Upcoming Events: October 26-29, 2014 CoreNet Global North American Summit

Event Date: October 26-29, 2014

Location: Gaylord National Resort & Convention Center

Exhibition Booth Number: 1934

CoreNet Global’s “One Summit a Year” Model in North America comes to Washington D.C!


More than 2000 corporate real estate professionals are expected to gather for top notch peer-to-peer education, networking and the opportunity to meet with the service providers and community leaders who make their lives easier every day. Get solutions to your biggest problems, build relationships that will stick with you throughout your career and impart your own lessons-learned over three days of high-impact education and networking.

Conference Website:CoreNet Global North American Summit


Upcoming Events: October 19-22 IEDC Annual Conference: Steering Towards the Future: Convergence, Connectivity, and Creativity

Event Date: October 19-22, 2014

Location: Fort Worth Convention Center

Exhibition Booth Number: 315

Big Data: Raising the Bar in Site Selection

Since the recession there has been an unprecedented convergence of inter-disciplinary research experts such as economists, geo-spatial experts, data scientists and sociologists who are coming together to understand shifting labor supply and demand and how labor trends impact communities. As a result, site selectors, economic developers and prospecting companies are designing innovative approaches that uncover hidden geographies of opportunity at the hyper-local level, from sub markets within urban areas to rural gems. In this session, industry experts and economic developers will dive into real-world examples and share how they are helping companies from multiple sectors identify the right community for their organization based on labor cost, availability and sustainability.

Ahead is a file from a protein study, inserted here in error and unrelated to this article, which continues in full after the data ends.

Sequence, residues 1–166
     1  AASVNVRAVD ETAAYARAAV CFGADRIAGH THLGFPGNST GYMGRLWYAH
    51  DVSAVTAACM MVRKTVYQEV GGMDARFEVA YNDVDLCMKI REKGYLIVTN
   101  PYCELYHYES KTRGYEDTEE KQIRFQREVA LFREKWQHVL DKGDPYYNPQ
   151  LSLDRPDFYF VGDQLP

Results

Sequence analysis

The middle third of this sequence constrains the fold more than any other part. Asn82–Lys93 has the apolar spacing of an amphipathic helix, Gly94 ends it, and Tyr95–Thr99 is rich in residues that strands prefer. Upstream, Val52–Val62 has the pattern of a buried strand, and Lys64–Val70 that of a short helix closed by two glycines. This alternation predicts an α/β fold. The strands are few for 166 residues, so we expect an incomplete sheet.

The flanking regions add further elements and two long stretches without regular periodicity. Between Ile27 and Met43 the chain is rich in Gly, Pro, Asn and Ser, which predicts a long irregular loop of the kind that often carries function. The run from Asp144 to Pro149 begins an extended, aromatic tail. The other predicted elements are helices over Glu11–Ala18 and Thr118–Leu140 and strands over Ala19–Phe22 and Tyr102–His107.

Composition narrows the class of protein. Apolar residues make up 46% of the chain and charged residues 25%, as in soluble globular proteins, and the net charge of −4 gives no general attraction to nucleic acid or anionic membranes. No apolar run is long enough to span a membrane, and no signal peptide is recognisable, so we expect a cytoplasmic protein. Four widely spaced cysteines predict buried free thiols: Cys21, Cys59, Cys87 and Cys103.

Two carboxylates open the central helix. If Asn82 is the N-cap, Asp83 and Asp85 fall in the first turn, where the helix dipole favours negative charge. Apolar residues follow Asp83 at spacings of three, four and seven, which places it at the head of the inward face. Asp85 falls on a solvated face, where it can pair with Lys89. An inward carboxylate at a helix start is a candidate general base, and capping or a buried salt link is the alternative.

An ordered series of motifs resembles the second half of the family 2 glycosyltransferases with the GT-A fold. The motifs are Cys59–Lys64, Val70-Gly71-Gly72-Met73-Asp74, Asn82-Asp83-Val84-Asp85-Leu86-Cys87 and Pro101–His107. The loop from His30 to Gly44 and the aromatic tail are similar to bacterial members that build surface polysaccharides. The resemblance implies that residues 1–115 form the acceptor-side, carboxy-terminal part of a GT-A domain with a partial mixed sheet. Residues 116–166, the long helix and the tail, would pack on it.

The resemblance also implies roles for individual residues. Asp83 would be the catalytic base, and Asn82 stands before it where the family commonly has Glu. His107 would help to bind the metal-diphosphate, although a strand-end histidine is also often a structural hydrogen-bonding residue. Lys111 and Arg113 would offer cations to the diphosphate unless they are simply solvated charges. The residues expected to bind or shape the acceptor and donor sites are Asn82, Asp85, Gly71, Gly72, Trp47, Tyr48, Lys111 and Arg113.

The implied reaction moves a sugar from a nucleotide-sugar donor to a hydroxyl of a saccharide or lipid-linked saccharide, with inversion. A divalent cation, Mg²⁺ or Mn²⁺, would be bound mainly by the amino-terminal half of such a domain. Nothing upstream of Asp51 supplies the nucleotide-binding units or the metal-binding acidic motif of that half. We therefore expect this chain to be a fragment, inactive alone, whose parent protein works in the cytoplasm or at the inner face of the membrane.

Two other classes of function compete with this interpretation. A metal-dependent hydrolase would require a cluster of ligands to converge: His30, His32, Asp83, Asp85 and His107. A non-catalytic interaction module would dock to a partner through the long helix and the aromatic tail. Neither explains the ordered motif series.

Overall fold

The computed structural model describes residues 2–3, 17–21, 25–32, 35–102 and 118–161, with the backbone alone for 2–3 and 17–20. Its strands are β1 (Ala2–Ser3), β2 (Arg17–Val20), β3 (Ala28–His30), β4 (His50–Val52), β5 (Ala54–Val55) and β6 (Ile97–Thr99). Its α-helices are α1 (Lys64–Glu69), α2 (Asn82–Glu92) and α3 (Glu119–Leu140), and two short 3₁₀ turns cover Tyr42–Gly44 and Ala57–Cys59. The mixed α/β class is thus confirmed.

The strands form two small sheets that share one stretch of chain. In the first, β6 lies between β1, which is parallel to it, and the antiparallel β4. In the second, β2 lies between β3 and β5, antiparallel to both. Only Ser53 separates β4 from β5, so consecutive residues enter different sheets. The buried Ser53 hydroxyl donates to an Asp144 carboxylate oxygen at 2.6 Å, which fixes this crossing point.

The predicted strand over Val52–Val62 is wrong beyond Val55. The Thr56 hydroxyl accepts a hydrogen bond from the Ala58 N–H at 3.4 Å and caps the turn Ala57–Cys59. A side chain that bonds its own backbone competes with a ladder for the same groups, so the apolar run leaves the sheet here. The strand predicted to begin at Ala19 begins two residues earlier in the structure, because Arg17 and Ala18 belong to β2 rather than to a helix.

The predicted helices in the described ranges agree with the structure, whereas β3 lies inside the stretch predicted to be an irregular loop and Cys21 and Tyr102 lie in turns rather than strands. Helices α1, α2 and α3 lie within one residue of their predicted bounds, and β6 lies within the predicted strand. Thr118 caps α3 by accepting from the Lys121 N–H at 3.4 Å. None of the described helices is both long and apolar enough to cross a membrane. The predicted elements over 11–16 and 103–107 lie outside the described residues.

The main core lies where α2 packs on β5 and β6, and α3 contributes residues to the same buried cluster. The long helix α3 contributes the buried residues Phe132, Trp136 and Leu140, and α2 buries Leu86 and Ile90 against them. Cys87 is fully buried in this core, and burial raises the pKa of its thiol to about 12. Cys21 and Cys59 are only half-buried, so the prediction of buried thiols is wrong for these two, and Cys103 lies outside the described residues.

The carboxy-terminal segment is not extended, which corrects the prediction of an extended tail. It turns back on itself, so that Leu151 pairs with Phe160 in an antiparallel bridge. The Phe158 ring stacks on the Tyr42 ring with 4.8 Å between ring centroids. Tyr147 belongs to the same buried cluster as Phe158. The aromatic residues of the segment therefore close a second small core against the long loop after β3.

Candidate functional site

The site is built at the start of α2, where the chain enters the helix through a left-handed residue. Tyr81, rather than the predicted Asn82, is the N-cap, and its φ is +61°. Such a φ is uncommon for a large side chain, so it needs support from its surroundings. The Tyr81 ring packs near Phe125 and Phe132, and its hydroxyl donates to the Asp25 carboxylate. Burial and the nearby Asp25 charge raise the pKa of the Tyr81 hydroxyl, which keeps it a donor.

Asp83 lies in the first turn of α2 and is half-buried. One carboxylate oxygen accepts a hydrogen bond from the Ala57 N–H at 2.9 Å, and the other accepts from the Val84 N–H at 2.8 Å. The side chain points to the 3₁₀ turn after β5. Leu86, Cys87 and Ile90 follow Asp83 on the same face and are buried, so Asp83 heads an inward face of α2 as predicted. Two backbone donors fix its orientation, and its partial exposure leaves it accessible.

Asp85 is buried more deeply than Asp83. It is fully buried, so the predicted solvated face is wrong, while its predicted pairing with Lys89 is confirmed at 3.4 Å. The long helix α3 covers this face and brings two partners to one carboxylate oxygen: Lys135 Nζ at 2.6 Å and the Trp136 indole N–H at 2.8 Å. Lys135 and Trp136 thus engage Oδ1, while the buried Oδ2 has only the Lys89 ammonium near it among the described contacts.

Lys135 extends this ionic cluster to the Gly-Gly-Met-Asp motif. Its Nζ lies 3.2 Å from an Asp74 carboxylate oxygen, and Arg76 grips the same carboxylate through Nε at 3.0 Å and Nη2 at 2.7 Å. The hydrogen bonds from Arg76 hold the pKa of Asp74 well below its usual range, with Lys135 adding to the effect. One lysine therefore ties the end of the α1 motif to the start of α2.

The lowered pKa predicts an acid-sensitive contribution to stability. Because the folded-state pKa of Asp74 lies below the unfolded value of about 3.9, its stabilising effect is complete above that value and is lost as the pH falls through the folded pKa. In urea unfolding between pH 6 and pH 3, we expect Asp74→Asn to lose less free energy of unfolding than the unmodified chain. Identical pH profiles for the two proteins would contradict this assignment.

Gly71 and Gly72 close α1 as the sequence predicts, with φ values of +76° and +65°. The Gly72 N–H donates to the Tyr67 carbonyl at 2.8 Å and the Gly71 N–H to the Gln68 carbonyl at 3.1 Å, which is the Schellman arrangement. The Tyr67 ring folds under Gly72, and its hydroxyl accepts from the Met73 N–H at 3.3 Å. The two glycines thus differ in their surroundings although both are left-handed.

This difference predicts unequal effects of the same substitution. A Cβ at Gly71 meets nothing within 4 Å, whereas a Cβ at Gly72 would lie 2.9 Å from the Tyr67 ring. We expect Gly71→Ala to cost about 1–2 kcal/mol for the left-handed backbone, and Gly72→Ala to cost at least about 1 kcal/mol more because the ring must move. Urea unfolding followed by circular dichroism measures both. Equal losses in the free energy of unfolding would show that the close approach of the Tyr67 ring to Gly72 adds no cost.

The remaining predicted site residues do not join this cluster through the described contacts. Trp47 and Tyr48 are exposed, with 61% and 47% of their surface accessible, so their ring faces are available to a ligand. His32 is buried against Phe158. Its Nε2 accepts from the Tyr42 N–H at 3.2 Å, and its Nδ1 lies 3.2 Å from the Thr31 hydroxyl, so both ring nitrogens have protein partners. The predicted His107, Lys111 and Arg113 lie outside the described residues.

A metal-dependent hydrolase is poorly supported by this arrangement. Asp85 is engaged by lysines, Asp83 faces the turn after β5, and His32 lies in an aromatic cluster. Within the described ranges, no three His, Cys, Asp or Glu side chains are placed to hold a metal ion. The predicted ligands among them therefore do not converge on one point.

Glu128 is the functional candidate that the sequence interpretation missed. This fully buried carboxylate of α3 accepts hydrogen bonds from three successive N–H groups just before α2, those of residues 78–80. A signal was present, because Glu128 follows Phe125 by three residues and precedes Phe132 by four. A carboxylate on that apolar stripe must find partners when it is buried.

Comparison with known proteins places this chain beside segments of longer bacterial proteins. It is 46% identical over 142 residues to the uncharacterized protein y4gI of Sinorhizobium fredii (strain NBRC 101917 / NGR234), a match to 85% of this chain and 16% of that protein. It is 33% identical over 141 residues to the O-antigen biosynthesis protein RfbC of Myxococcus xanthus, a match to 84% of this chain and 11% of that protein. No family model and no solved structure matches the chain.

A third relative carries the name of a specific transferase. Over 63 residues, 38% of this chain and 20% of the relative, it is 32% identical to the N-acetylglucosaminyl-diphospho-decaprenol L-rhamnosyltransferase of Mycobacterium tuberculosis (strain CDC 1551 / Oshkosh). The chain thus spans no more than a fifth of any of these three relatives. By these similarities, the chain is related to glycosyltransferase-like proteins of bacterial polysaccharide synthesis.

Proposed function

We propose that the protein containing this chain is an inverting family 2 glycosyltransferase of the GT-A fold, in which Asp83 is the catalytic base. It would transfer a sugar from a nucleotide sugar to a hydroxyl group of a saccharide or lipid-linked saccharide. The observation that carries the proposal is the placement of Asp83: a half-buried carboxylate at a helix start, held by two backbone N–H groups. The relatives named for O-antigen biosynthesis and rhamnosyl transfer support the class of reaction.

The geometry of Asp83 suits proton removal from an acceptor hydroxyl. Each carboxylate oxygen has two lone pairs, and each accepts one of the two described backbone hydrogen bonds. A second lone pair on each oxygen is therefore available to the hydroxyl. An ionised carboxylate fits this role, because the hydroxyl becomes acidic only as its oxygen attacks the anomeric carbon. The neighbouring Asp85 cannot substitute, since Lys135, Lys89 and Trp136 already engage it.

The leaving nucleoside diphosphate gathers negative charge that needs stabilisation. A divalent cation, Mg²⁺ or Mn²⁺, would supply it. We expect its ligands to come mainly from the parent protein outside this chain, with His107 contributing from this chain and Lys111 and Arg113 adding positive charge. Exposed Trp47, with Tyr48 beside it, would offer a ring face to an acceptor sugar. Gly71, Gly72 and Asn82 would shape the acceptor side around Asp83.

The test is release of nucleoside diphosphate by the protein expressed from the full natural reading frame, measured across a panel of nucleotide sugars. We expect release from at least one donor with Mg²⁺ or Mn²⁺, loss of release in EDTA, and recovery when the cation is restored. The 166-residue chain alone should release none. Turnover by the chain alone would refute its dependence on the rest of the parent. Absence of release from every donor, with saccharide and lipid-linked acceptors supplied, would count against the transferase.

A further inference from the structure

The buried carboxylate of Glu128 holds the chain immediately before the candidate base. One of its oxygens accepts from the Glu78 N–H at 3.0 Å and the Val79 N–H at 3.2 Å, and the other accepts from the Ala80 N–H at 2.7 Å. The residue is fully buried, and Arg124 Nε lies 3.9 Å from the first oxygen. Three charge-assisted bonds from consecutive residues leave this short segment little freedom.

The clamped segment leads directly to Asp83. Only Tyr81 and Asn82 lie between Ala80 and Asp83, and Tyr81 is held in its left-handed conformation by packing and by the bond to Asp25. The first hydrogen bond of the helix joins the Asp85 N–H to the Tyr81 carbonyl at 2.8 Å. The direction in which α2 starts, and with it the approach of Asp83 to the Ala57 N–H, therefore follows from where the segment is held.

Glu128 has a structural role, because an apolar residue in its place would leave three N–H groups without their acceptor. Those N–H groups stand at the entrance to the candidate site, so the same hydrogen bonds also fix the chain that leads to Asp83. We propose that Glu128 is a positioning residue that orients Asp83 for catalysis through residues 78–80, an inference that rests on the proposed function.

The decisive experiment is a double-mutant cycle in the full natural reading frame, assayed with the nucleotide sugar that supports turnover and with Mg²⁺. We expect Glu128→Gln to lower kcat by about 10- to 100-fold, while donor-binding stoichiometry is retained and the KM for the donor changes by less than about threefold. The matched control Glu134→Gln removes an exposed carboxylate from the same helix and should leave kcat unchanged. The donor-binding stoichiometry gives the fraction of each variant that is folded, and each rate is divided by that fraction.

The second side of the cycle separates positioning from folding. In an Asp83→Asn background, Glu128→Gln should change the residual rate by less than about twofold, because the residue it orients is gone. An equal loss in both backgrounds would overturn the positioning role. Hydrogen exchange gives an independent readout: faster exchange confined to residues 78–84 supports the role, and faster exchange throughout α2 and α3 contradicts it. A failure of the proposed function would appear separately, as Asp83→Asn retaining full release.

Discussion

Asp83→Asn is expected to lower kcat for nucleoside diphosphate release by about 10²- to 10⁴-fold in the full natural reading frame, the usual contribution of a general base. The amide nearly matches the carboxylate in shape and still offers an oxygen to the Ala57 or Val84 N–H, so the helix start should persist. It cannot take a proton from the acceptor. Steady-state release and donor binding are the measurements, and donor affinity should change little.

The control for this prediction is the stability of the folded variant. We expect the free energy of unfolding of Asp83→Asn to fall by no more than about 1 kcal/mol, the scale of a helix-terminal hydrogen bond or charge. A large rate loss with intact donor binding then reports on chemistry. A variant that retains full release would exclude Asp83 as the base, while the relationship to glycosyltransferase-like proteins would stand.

What you will learn:

• How companies are using new and expanded data sources to influence site selection decisions
• Tips for improving the positioning of your community within the new site selection landscape
• Strategies for working with local partners to access important data requested in the site selection process

Moderator:Amy Fobes, Principal and Founder, geoCommunica, Dallas, TX


Josh Bays, Principal, Site Selection Group, LLC, Dallas, TX
Christine Chmura, PhD, President & Chief Economist, Chmura Economics & Analytics, Richmond, VA 

Conference Website: IEDC 2014 Annual Conference


Upcoming Events: October 7-9, 2014 VEDA Fall Conference: Governor's Conference on Economic Development

Event Date: October 7-9, 2014

Location: Hilton Richmond Hotel and Spa

 Conference Website: 2014 VEDA Fall Conference

Session I on Wednesday, October 8th, 2014 at 8:30 AM:

Dr. Chris Chmura

How Labor Availability is Changing the Conversation Around Deal Flow

Some description

Chris Chmura is the President, Chief Economist, and Principal of Chmura.

Chris Chmura is the President and Chief Economist for Chmura Economics & Analytics, a quantitative research and economic development and workforce consulting firm located in Richmond, Virginia, that she founded in December 1999. She is a quoted source on regional and national trends in the media throughout the Mid-Atlantic and Southeast, as well as national publications such as the Wall Street Journal. She writes a monthly column on the economy for the Richmond Times Dispatch.




Economic Impact: Health care and construction jobs will be fastest growing in region

If you are looking for work during the next decade, consider health care and construction jobs.

Those two industries should see the fastest-growing employment in the Richmond area.

The health care and social assistance sector should grow an average 2.5 percent a year in the Richmond area during the next 10 years compared with an average 1.2 percent for all industries, according to analysis by Chmura Economics & Analytics.

That translates into a need for 24,480 more health care workers over the next 10 years.